Fostering the relationship with each key customer is essential. However, the relationship management should not be left to a single employee, rather the focus should be on developing the connection between the company and the key customer. There are several ways to do this, without upsetting the salesperson or team member “assigned” to the key customer. Customer appreciation company events are a great example: golf outing, dinners, happy hour at the showroom, etc…

It is further important to also, constantly look for other key customers to limit or dilute the reliability on one key customer. Many factors can impact the key customer business relationship: their business contracts, they decide to try other suppliers, a bad experience (out of your control) negatively impacts the relationship, they have customer(s) who have a previous relationship with a different supplier, new ownership/leadership changes the dynamics of the relationship, etc…

As the old adage says: “don’t put all your eggs in one basket”. I have written other articles on attracting new business and customers, contact me anytime for more details or advice on this subject.

The Key Installer/Programmer:

This is a predicament I have witnessed many times over the course of my career. I have witnessed many companies over the years who may have a single technician, programmer or project manager with a brain trust of knowledge related to projects. When this key employee leaves, so does their wealth on knowledge related to the projects they deployed. Very often the company is left in a ransom position to pay whatever is necessary for the person to assist with any future or ongoing service requirements, as a very expensive sub-contractor. Or worse, they may have a broken relationship with the former employee and no easy path forward to service existing projects/clients.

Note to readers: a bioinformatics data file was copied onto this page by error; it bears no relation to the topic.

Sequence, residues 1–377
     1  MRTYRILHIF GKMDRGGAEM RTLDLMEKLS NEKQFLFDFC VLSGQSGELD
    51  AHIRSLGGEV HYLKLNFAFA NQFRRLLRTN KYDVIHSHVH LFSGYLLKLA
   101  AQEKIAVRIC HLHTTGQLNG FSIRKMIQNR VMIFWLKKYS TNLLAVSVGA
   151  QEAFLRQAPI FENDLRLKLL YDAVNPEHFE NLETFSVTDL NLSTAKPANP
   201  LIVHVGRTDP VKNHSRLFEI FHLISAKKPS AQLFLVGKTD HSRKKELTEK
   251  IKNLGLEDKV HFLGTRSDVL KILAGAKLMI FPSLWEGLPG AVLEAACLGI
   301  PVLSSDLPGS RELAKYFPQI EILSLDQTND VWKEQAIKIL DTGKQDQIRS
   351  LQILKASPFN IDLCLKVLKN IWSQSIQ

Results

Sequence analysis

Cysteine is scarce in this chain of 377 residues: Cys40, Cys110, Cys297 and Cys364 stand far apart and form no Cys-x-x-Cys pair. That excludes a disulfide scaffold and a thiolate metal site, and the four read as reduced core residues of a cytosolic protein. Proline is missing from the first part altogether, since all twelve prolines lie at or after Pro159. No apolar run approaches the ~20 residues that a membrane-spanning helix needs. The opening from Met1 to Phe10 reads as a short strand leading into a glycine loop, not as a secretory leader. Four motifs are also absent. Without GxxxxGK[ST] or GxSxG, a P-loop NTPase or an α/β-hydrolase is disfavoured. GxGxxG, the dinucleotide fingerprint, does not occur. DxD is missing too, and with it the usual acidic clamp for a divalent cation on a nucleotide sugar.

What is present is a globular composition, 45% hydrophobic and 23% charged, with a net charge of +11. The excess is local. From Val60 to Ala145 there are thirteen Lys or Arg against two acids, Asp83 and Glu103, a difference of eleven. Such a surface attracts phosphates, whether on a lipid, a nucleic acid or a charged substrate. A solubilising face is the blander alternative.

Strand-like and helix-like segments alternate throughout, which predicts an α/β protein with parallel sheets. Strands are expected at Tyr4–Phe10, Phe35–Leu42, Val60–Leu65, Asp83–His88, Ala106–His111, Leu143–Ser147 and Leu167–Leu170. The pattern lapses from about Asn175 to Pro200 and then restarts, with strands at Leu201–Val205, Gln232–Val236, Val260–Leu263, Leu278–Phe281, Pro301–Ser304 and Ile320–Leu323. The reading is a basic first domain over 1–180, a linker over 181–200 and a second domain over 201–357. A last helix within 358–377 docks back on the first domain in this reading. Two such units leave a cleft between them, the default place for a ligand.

There are several ways to limit exposure in this regard. First: develop a way to standardize some of the ways projects are deployed: standardize the programing and GUI that is used for projects. Use a control platform, with a programming method that is friendly to allow others to easily pick-up where someone left off and not overly complex. Many platforms now, offer rapid deployment tools and don’t require as much manual programming of macros and unique user interfaces, making it much easier for another technician or programmer to modify and update the system configuration. Second: establish central file sharing of all programming files and configurations. Many companies now use a platform like Dropbox or file sharing to keep all files related to projects in a central company storage location, rather on individual laptop. Third: create thorough and standardized documentation to determine exactly how the system was wired and programmed, enabling other technicians to easily work on the project with intimate knowledge of the wiring and configuration.

Of course many other factors can have a negative impact on the health, strength and vitality of a business: efficient operations, profit margins, invoicing and receivables, product selection, labor costs and efficiencies, and countless other elements. The point of this article is to highlight some of the sleeping threats that may be waiting in the belly of your company to rupture and create a life threatening impact on your business. Following some of the steps outlined above may help avoid a fatal blow to your business and ensure ongoing health and stability for future success!